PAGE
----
Effort will set a bench mark in meeting organization's 2030 development goals
A livestreamer dances during an online selling event to promote local farm products in Lop county, Xinjiang Uygur autonomous region, on Sept 26. On the southern edge of the Taklimakan Desert, the county remains one of the 10 counties still on the poverty list in Xinjiang. （HU HUHU/XINHUA）
The head of the International Labor Organization has lauded China's determination to end domestic poverty on schedule as the COVID-19 pandemic causes job losses and impoverishment on massive scales around the world.
Guy Ryder, director-general of the UN agency, said China's recent decision to stick to the goal of eradicating rural poverty by the end of this year amid a "complex economic environment" will set a bench mark in meeting the UN's 2030 Sustainable Development Goals, which includes eliminating extreme poverty worldwide in a decade.
"Today, the world stands at a tipping point," he said, as the pandemic has pushed an estimated 100 million people into extreme poverty.
International cooperation is needed, given that no country can beat the crisis alone, and there's no returning to the pre-pandemic status quo, Ryder told a forum in Beijing on Wednesday via a prerecorded speech.
The forum on poverty alleviation through employment was part of a series of events marking China's seventh National Poverty Relief Day on Oct 17, a date that is also observed globally as the International Day for the Eradication of Poverty.
The ILO estimates that global labor income fell 10.7 percent year-on-year in the first three quarters of 2020－the equivalent of $3.5 trillion－and the number of working hours lost in the second quarter of the year was equivalent to 495 million full-time jobs.
Promoting employment has long been used as a tool to fight rural poverty. Local governments have set up more than 30,000 factories near poor villages across the nation to that end. Some 4.8 million poor farmers were given "welfare jobs", which have generated paychecks and at the same time boosted public services in rural regions. Programs have also been launched to create urban jobs for young farmers.
The State Council Leading Group Office of Poverty Alleviation and Development, the top anti-poverty agency, said the number of registered poor migrants－farmers who left their poor villages to find better jobs in cities－nearly doubled between 2016 and 2019, reaching more than 27 million by the end of last year. Meanwhile, their average annual income more than doubled over the same period to 26,544 yuan ($3,940).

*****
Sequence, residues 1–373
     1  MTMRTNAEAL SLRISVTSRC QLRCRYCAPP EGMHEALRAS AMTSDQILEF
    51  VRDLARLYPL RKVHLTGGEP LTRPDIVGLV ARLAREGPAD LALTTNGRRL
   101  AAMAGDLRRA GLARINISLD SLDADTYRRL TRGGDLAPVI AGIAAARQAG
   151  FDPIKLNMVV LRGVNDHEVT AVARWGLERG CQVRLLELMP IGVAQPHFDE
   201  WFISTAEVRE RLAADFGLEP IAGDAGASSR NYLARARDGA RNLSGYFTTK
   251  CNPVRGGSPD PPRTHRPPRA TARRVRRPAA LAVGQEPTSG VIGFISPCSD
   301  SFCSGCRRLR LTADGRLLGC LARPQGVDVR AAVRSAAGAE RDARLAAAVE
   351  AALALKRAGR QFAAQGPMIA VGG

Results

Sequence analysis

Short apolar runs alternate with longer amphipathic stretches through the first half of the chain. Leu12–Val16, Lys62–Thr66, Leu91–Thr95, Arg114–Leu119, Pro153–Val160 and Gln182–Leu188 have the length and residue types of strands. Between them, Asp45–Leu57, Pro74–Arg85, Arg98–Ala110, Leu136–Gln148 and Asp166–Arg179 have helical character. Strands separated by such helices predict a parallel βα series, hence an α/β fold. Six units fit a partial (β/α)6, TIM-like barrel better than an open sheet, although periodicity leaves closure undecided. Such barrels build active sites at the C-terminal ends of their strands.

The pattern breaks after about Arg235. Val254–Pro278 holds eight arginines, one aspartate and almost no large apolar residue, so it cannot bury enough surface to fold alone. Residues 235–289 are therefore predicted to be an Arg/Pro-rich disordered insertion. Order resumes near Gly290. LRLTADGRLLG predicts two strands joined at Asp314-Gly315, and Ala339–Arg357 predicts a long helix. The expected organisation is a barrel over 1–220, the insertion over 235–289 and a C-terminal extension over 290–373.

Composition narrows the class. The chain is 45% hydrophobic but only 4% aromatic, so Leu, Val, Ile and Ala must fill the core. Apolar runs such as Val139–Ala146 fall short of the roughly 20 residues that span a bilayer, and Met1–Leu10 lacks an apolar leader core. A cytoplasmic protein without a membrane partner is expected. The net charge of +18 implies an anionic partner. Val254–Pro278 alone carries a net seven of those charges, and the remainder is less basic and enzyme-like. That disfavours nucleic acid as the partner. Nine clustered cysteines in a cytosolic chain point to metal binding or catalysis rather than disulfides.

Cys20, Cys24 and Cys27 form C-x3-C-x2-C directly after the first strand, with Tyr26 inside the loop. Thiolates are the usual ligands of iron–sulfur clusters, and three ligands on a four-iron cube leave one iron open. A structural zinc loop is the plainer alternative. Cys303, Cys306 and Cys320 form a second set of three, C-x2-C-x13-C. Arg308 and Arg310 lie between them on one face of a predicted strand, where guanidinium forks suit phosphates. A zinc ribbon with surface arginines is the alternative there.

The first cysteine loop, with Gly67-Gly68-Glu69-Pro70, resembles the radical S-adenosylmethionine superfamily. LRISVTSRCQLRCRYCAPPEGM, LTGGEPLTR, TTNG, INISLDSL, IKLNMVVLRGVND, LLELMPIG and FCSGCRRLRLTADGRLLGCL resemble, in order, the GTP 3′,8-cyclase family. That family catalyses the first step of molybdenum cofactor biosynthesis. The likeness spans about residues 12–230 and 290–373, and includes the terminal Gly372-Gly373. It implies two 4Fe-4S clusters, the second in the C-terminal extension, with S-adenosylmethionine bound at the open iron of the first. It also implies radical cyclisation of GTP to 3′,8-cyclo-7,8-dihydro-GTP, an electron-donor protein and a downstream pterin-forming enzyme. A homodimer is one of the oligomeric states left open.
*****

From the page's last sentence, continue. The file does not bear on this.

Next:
China's poverty line was around 4,000 yuan this year, and the exact number is adjusted from place to place with purchasing power parity.
While addressing the event in Beijing, deputy head of the office Ou Qingping said working in cities has not only bolstered their financial standing but has also helped "open their eyes and minds" to new skills and better lives.
This year marks the final stretch of China's poverty relief campaign, which aims to lift more than 98 million rural poor across the nation out of absolute poverty between late 2012 and the end of this year. It had fared well along the path, with more than 93 million farmers escaping poverty by the end of 2019.
However, the domestic COVID-19 outbreak earlier this year has created new challenges by triggering travel restrictions and disruptions to the logistics chains. That has led to temporary unemployment among rural migrants and the lackluster sales of farm produce, two major sources of rural income.
To end poverty as scheduled, central authorities have stepped up efforts since February to bolster employment among the rural population, arranging chartered train and bus services to ensure they reach urban jobs as planned.
As the outbreak eased in China in recent months, employment authorities moved to roll out tax breaks and delay payment of social security fees for businesses that refrained from cutting jobs, as part of a broader effort to ensure poor migrants remain employed.
The top anti-poverty authorities said they have also managed to pinpoint the whereabouts of more than 10 million migrants who worked outside their home provinces so that assistance is readily available when jobs are jeopardized.